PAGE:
By Jean V. Murphy, March 2002
New internet-based technologies are illuminating the “black hole” of international logistics and enabling global companies to move toward true command-and-control capability.
Global freight management is an oxymoron in the minds of many logistics practitioners. With an estimated 17 partiestouching a typical international shipment in one way or another as it moves between carriers, across borders and through customs, the information that enables door-to-door visibility and control has been woefully lacking. Inland moves in many parts of the world are considered a “black hole” of information since small, technology-deficient carriers often handle them. And while major carriers andforwarders provide reliable tracking, this information until recently has been static and isolated from execution.
Service fragmentation, information gaps and the complexity of global shipping are reasons why the intelligent tools used to manage and optimize domestic transportation have been slow to spread to the global arena. Specialists in international shipping departments remain separate fromdomestic shipping in most companies. They still are largely working off spreadsheets and Post-it notes and communicating via phone, fax and a little EDI messaging, says Beth Enslow, vice president of strategy at Descartes, a software company providing transportation applications and a communications hub for global shippers and carriers.
This situation is beginning to change as shippersincreasingly look for the same visibility and shortened cycle times from their global providers that they have come to expect on the domestic front. Software vendors like Descartes, G-Log, GT Nexus and Bridgepoint — along with traditional supply-chain and transportation management system providers such as Manugistics, i2 Technologies and PitneyBowes/Vertex Interactive — are leveraging the web to create a newgeneration of global freight solutions that enable management by exception across multiple enterprises, modes, carriers and geographies.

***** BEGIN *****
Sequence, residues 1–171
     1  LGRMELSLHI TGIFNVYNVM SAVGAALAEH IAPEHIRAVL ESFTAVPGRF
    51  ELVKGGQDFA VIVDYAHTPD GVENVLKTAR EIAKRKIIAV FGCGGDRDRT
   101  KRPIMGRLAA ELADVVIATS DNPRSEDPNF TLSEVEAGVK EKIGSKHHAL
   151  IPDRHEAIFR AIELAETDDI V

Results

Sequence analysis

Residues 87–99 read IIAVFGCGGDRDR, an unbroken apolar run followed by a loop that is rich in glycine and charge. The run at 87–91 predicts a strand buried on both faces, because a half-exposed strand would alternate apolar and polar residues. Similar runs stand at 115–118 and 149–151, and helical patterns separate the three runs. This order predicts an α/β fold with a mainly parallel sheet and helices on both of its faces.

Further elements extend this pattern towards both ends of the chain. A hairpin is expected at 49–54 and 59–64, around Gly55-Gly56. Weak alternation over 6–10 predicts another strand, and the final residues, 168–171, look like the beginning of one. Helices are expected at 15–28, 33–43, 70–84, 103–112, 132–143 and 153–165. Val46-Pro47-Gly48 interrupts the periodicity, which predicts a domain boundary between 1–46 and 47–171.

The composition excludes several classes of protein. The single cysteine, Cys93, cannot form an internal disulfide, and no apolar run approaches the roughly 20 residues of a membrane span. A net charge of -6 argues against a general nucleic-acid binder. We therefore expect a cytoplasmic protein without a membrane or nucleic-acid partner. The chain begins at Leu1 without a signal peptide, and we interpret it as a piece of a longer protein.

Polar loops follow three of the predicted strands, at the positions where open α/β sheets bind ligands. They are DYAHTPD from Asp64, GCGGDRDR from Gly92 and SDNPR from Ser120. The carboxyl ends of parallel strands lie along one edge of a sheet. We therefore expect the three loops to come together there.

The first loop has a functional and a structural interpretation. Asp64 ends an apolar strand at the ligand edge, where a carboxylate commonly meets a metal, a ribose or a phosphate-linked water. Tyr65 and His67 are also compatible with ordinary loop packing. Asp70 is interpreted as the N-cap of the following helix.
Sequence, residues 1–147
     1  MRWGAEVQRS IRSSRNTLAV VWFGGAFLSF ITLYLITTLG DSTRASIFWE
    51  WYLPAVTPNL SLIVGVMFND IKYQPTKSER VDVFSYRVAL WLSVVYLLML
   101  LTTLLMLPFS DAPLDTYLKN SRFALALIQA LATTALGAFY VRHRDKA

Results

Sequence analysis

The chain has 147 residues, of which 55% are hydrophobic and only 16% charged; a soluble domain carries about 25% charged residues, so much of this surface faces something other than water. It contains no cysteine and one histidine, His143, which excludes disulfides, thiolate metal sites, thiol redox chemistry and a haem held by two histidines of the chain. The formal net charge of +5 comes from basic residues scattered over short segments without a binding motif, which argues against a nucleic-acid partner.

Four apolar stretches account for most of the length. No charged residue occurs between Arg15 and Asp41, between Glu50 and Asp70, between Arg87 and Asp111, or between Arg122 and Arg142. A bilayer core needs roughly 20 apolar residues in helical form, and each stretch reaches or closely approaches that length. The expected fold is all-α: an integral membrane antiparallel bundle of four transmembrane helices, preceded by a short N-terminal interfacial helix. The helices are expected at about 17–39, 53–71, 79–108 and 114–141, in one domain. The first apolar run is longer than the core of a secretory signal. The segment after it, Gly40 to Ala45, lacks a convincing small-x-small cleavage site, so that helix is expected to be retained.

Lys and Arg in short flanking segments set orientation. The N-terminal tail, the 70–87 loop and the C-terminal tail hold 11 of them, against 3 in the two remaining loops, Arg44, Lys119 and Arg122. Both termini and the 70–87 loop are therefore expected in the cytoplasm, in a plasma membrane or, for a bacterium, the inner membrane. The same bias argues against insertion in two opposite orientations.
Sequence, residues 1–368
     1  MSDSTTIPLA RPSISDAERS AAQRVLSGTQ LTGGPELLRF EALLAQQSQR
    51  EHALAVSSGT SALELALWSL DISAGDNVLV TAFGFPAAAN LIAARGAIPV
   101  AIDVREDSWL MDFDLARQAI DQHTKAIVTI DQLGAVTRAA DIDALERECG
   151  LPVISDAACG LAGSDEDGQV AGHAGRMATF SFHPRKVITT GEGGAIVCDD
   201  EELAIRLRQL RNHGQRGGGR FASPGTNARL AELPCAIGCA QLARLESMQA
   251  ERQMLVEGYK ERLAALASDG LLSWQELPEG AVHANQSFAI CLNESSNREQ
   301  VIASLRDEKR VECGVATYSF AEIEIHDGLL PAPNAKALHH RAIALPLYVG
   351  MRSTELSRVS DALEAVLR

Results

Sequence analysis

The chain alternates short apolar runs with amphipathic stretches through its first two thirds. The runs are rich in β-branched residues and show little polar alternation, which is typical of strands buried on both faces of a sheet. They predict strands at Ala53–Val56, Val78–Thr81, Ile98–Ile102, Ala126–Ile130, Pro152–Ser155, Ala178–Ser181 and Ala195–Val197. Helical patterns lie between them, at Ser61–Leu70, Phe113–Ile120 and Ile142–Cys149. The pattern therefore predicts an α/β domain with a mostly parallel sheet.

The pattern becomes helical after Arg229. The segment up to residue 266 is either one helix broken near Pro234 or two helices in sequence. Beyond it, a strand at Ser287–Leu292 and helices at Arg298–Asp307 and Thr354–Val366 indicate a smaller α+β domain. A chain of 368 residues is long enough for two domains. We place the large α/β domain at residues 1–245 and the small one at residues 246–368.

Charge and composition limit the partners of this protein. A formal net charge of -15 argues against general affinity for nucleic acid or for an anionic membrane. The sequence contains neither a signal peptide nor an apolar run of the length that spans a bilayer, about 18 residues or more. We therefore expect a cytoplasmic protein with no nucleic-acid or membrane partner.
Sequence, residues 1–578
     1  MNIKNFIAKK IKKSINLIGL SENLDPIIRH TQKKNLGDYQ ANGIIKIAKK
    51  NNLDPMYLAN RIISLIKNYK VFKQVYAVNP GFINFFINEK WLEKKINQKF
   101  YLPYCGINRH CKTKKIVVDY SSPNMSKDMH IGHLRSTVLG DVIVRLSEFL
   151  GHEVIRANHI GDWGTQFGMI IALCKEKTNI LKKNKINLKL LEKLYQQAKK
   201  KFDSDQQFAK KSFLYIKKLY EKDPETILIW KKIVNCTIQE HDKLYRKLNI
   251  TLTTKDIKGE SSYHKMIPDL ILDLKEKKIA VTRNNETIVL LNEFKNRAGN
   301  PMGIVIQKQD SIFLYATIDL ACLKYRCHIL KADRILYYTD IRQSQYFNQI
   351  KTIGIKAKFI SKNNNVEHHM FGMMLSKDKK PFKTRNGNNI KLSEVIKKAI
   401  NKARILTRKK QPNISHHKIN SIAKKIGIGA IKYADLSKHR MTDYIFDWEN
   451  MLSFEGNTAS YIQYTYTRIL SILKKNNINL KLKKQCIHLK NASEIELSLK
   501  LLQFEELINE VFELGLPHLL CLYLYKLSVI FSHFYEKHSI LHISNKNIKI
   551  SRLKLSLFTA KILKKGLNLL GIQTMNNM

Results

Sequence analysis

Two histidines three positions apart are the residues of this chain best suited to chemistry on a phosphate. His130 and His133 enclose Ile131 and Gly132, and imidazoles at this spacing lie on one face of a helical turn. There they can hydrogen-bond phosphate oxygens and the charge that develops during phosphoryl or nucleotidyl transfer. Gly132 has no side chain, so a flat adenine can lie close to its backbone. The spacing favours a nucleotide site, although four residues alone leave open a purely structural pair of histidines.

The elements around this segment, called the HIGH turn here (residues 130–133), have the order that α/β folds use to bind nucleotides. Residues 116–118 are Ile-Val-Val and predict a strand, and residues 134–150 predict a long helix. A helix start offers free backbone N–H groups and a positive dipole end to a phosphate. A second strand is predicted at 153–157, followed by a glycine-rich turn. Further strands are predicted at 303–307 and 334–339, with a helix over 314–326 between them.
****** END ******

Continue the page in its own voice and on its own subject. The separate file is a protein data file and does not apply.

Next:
A confluence of events has made this development possible. As with so many aspects of business-to-business technology, the biggest factor is the use of the internet and recent increases in available bandwidth. The net not only enables easier integrationbetween companies that want to share electronic data directly, it also provides an inexpensive means for little players to participate in the network, so that 100 percent visibility is attainable.
“The question has been, if I get 80 percent of the data I need via integration, how do I get the rest?” says Peter Weis, director of products for GT Nexus, a provider of global e-logistics solutions. “Howdo I capture information from the small forwarder down in Costa Rica without spending a lot of money?” The GT Nexus platform allows anyone with access to the internet to key in necessary information on a web form or to upload information from an Excel spreadsheet.
“Companies in the Pacific Rim and Latin America may not have 24/7 super-fast connections, but they have some degree of up-time onthe internet every day,” says David Landau, director of product management at Manhattan Associates, a logistics execution vendor. And it is “quite common” for manufacturers in places like Pakistan, Sri Lanka and Bangladesh to fax documents to a central location such as Singapore to have them keyed into the web, adds Weis.
Many companies are exchanging information through a messaging andconnectivity hub. Descartes’ Global Logistics Services, for example, has preconnected more than 5,000 carriers and forwarders around the world. “Companies don’t have to start from square one hooking up electronically; it is like hooking into a telephone network,” says Enslow. GLS also addresses the spectrum of technology capabilities within a global supply chain, handling anything from direct XML...